Our next stop was a total new street eat for me: a tlacoyo.
A sort of thicker, oval-shaped tortilla, tlacoyos are made fresh to order for each customer. The tlacoyo vendor will roll out the dough and put whatever toppings on it the customer wants – with a wide variety of vegetarian options available. Tlacoyos become hard and dry quickly, so they’re best if eaten hot and straight from the skillet.
After receiving your cooked tlacoyo, you can use the salsas and toppings (shown here to the right of the vendor) to personalize your creation.
my tlacoyo: nopal (cactus), cheese, and beans!
Mexico City Street Food: Tacos de Canasta
Tacos de canasta are quite different from the tacos you’re used to (especially in the US!)
They are soft, squishy, and prepared by steaming. After the vendor prepares the tacos for the day, he or she usually leaves them in a covered basket to keep them moist and warm.
While that doesn’t quite sound appealing (slippery steamed tacos?), it’s worth a try or at least a visit to the taco stand to check it out – especially if you’re visiting this guy.
Definitely the most charismatic and cutest street food vendor I’ve EVER run across, the grandpa to Grandma’s Tacos is a total character. Make sure to check out the photo tacked to the beam of the stand of him climbing a volcano in his youth.
Mexico City Street Food: Hangover Soup
What happens in Mexico, stays in Mexico. And sometimes, a few too many tequila shots definitely go down.
When you’re facing a killer hangover, the traditional remedy is this street food: hangover soup (though it’s also a popular lunch spot). This particular vendor even offers a cute little bar-style seating area, just in case you aren’t too steady on your feet.
The soup features a strong broth, along with some herbs and shall we say… interesting cuts of meat. You can choose to garnish it with your choice of lime, hot sauce, salt, and fresh veggies.
While the soup definitely isn’t vegetarian (or kosher), so I didn’t get to try it, the guys running the stall were super friendly and if they ever come up with a veggie option I know where I’ll be spending my day-afters!
Paco explaining the important hangover remedy
Mexico City Street Food: Burritos
Almost the last (but certainly not the least) stop was for burritos.
With an wide array of options, the vendor makes each burrito fresh in front of your eyes and can personalize ingredients. He already had several vegetarian options on his menu, which was awesome to see!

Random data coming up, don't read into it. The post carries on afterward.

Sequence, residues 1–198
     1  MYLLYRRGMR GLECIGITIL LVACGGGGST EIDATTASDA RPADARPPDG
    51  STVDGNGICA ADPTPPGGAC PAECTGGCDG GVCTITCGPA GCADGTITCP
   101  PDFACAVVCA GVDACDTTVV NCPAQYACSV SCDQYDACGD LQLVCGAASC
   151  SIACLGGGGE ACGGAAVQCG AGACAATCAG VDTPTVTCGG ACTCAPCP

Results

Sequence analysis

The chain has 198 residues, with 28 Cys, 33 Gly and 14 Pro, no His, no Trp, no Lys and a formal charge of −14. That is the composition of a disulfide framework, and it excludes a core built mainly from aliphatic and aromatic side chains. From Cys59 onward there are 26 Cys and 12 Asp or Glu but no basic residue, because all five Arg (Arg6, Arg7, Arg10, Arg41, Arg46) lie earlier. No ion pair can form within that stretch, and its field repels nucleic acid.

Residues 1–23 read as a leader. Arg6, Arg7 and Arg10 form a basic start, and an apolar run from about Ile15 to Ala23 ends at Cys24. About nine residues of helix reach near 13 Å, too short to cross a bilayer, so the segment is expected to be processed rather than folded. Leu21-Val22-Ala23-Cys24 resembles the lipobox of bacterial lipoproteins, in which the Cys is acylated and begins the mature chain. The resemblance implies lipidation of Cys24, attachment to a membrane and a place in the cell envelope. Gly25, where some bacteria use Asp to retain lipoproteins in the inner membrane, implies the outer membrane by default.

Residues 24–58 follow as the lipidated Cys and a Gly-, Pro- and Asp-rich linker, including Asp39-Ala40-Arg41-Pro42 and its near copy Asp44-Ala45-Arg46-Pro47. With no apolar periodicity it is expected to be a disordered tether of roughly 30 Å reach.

Of all the stops on the tour, I think the burrito had to be my favorite. The grilled veggies, delicious avocado, and spicy (but not too spicy) salsa formed the PERFECT combination. I think I found my new favorite street food spot!!
Mexico City Street Food: Dessert
The very last stop on the tour was to a traditional Mexican sweets shop called Celaya.
The cute little shop has row upon row and display upon display of candies, chocolates, cookies, and more sweets than I even have names for!
I’m not even a big sweets fan, but I loved everything that I tried in the shop. Several members of the group also picked up sweets for presents for family back home – they would make excellent, pretty, and authentic gifts!
I was absolutely blown away by the quality of the street food tour. On top of all of the knowledge I gained (like discovering tlacoyos and finding my new go-to burrito spot), I had an absolute blast.
Paco was personable, friendly, knowledgeable and fun. He created the perfect balance between learning, eating, and enjoying. For anyone afraid of Montezuma’s revenge (or run of the mill street food poisoning), the spots Paco brought us to were all run by friendly vendors who welcomed photos (not always a given) and who kept their stalls immaculately clean and with excellent hygienic standards. We even made a few spur-of-the-moment stops (not pictured here) including for a pambazo (a delicious sandwich sure to spoil your diet) and fresh juice.